“The belief in a supernatural source of evil is not necessary; men alone are quite capable of every wickedness.” — Joseph Conrad * “The systems of explanation, historical and psychological, that we employ to explain ordinary human behavior, however extreme, cannot explain Hitler, who represents, (theologian Emil) Fackenheim believes, a ‘radical evil,’ an ‘eruption of demonism into history…’” — Ron Rosenbaum, Explaining Hitler * […]
In February, 1944, Lt. Ed Charles was a Navigator in the 336th Squadron, 95th Bomb Group out of Horham, England. One night he was sleeping in the barracks when the door flew open and the C.Q. (Charge of Quarters) went probing through the darkness with a flashlight. “Is there an empty bunk in there? We have a new arrival and he needs a place to sleep.” Ed told the CQ the bunk next to his was vacant. He sat up. He offered to help the new guy unpack his gear and get squared away.
I let the dogs out late the other night and looked up in the sky to see a train of satellites — forty, fifty, sixty of them — racing through the stars. It is a testament to effective quarantine — and a purpose-built informational firewall — that I didn’t know what I was seeing, and so had one of those increasingly rare moments in life where everything was startlingly new, and fresh, and even exciting.
In response to wildly irresponsible remarks made by the artist David Hockney, who told the NY Post that smokers are immune to the coronavirus, the Figure 8 Ranch assembled our emergency response team for a counter-briefing. Here is an unclassified transcript of the briefing for widest dissemination…
“NO BLOOD FOR OIL, man!” That’s what the guitar player said as we listened to the news on the radio, trundling down the 405 Freeway in a panel truck. It was 1990, the U.S. was fixing to boot Saddam Hussein out of Kuwait and I was serving as a roadie for a 1950s-themed rock-n-roll band heading southbound from Los Angeles […]
I am now 72 hours into a self-imposed news blackout and the results have been marvelous. The decision to quarantine my mind, and spare it the slings and arrows of fear-based journalism and morale-sucking stupidity, was actually compelled by a mistake.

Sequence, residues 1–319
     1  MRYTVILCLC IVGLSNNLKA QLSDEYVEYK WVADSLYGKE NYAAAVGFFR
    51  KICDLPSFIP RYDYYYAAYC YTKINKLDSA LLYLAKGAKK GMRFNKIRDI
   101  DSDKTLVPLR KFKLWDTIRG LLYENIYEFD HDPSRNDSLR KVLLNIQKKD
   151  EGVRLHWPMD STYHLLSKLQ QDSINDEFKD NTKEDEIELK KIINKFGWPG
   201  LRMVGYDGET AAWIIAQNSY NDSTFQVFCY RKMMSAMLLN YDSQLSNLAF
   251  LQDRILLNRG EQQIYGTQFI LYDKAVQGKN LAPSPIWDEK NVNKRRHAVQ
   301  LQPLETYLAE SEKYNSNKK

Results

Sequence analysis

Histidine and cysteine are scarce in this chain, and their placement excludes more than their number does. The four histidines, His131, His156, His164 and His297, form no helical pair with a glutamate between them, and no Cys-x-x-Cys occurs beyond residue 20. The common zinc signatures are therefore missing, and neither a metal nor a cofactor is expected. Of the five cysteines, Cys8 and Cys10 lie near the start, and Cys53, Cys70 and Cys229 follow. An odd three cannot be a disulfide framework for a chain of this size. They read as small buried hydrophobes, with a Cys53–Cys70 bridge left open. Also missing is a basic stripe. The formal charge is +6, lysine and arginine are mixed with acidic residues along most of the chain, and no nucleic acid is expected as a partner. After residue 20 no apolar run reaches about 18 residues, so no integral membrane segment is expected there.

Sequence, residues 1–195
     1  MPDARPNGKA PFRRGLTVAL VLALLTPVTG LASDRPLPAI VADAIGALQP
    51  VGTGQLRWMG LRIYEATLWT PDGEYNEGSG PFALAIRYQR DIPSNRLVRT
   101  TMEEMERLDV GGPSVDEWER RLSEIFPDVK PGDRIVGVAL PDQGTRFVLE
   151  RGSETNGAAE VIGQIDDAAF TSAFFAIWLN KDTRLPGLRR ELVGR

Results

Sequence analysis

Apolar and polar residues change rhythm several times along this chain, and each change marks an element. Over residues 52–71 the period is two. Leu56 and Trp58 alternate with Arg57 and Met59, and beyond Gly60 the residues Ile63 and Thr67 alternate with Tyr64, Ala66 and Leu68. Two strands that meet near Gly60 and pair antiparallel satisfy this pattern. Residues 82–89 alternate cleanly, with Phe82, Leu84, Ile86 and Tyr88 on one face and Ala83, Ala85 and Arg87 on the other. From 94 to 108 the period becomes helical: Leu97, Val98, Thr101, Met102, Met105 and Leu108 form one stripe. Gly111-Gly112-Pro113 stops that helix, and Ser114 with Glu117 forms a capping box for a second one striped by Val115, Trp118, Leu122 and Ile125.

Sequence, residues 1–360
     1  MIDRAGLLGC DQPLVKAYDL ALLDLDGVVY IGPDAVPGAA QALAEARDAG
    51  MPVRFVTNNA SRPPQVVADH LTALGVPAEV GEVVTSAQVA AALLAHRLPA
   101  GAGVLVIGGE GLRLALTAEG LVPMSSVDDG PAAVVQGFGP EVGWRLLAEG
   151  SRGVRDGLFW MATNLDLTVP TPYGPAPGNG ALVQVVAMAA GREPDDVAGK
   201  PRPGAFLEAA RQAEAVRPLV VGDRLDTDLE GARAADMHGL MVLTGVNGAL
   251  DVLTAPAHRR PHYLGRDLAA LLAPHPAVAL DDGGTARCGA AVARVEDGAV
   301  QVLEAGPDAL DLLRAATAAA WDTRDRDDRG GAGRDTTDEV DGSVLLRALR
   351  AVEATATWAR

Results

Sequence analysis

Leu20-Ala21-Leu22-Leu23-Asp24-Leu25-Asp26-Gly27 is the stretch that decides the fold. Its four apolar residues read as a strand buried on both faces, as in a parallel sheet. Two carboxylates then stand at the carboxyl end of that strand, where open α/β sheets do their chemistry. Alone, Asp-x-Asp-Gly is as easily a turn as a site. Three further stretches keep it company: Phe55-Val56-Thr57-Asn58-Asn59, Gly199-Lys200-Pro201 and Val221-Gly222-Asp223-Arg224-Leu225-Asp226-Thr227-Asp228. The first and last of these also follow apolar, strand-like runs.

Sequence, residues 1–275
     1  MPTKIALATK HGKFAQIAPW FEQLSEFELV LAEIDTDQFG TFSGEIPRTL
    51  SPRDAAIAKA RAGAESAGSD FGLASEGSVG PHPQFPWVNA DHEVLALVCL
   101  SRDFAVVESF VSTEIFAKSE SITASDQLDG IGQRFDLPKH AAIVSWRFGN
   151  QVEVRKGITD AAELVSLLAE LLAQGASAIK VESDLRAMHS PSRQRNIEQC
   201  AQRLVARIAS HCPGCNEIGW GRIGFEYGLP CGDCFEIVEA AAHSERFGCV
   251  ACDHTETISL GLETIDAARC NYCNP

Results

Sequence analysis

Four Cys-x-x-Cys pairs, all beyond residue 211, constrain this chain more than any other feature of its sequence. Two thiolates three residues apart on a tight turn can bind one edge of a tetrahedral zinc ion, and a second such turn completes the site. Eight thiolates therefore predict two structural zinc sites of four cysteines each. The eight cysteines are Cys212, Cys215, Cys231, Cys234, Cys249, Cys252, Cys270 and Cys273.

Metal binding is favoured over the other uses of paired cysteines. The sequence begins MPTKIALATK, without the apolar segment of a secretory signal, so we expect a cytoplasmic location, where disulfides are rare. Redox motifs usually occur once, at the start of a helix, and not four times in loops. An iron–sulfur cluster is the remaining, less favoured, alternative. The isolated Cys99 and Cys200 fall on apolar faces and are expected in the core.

August 23, 1572 — St. Bartholomew’s Eve. Man of Commerce and Soldier of Fortune Mattias Tannhauser rides into Paris, where all hell is about to break loose. At a tavern called The Red Ox, he pauses to take his repast and reflect upon the state of affairs in his adopted country… “Tannhauser had abandoned all involvement and even […]
Shakespeare was right, of course. We come sliding into the world and, drawing our first breath in it, seem to somehow intuit life’s pre-eminent lesson: we are entitled to precisely nothing — not food, not water, not toilet paper, and certainly not surgical masks and ventilators. And so it is that in our first few moments in the arena we give a great angry cry in protest — until someone sticks a tit in our mouths.
It’s worth noting the possibility that a novel coronavirus, the result of some communist party jackass French-kissing a bat at a food court in Wuhan, China, will accomplish what Chairman Xi and Bernie never could have: turning America into a socialist paradise. That’s a story for the ages if there ever was one.
Turns out, I underestimated the potentials regarding COVID-19. I thought this would be another SARS or MERS — potentially dangerous, but containable; burning out relatively quickly. I wish I’d read this February 24 article in The Atlantic, which is still a worthy read now: With its potent mix of characteristics, this virus is unlike most that capture popular attention: It […]
Enjoying the pandemic much? That’s a fair question because so far, from my little combat outpost where I sit and dream of a former life — when I thought I was Con Conagher — we seem to be collectively overdoing the doom. Don’t get me wrong, I take this virus very seriously, as I would any kind of worldwide illness, but there is a noticeable absence of optimism in the air.
“Why, believing as he did, that all human obduracy was susceptible to common sense, was he unable to turn back? Why was he determined to complete his journey even if it meant putting his life in danger? At what point had this prank, this joke, this piece of horseplay become serious?”
–John Cheever, The Swimmer